Getty Images (File Photo)
Getty Images (File Photo)

Bangladesh and Australia are set to resume rivalry in the longest format of the game since 2006. On the eve of the first Test at Dhaka, Bangladesh’s all-rounder Shakib Al Hasan hoped for nothing less than a 2-0 whitewash over visitors. This statement comes on the back of a poor subcontinental record of Australia, but Nathan Lyon seems least bothered by Shakib’s comments. The 29-year-old spinner revealed Australia are preparing hard and are looking forward to compete hard against hosts.

“I think we are going to have to wait and see. Both teams haven’t come up against each other so it is a big statement, to come out and say that. But everyone’s entitled to their own opinion. We are just worried about what we are doing, to be honest. They can come out and say whatever they want. We are training and preparing well and we are looking forward to the challenge that lies ahead. Everyone has their own opinion and goals. We have our own goals but I am not going to sit here and talk with you guys about our goals”, Lyon told.

“We are going to play cricket with a smile on our face and compete hard against Bangladesh. They are a good side and we are here to play two Tests and we are going to do our best, and hopefully walk away with the series win”, Lyon added ahead of the series opener on Sunday (August 27).

Lyon also shifted attention to the pacers and stated that Australia’s pace battery will be vital in their chances in the two-Test series. “We have got three very good fast bowlers in the squad with Josh Hazelwood, Pat Cummins and Jackson Bird who can get the ball moving in these conditions. We have seen them do it before in Sri Lanka and India. I don’t think it will be any different in Bangladesh.”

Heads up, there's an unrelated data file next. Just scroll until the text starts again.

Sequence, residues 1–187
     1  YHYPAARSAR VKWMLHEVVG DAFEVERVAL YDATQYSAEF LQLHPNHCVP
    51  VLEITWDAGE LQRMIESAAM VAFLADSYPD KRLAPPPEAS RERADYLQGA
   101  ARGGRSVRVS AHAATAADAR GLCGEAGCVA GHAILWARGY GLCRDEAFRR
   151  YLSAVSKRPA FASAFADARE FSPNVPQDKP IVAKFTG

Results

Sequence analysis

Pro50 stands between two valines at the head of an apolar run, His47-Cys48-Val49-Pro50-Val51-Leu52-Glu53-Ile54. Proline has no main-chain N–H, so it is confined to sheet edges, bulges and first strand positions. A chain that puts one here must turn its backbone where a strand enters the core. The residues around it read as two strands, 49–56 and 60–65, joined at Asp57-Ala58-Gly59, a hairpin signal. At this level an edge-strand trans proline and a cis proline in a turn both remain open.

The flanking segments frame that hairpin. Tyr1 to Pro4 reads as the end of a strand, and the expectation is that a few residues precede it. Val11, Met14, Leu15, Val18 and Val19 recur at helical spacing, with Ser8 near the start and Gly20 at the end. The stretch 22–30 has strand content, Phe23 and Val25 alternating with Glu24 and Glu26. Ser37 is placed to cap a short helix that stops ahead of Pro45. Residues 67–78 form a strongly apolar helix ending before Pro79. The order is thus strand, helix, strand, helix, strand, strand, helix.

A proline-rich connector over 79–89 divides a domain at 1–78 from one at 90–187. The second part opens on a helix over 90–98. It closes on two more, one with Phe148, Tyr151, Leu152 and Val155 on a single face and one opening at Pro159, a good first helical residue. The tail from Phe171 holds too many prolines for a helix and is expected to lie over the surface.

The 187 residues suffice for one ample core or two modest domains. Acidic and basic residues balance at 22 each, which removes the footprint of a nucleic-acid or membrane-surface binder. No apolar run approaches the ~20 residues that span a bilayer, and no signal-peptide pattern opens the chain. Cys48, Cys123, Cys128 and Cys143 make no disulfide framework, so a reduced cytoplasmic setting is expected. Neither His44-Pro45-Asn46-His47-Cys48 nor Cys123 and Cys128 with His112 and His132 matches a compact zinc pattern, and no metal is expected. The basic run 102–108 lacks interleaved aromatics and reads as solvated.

Lyon, who has a best of 8 for 50 versus India, believes bowling well in tandem will assist Australia to pick 20 wickets in a Test match. “I think for us Australians will be about bowling in partnerships and bowling well together to take 20 wickets. It is not me versus someone else. It is a team game and we are here to take 20 wickets”, said Lyon.

Asked on the nature of the pitch and what will captains choose to do after winning the toss, Lyon was quick to point out, “I haven’t studied or done any curating for about seven years so I think I have lost my trade. But it is another cricket wicket. It will be same for both sides. I dare say whoever wins the toss will look to bat first. In the subcontinent, it is a general rule. We have to adapt to the conditions quickly and play good cricket.”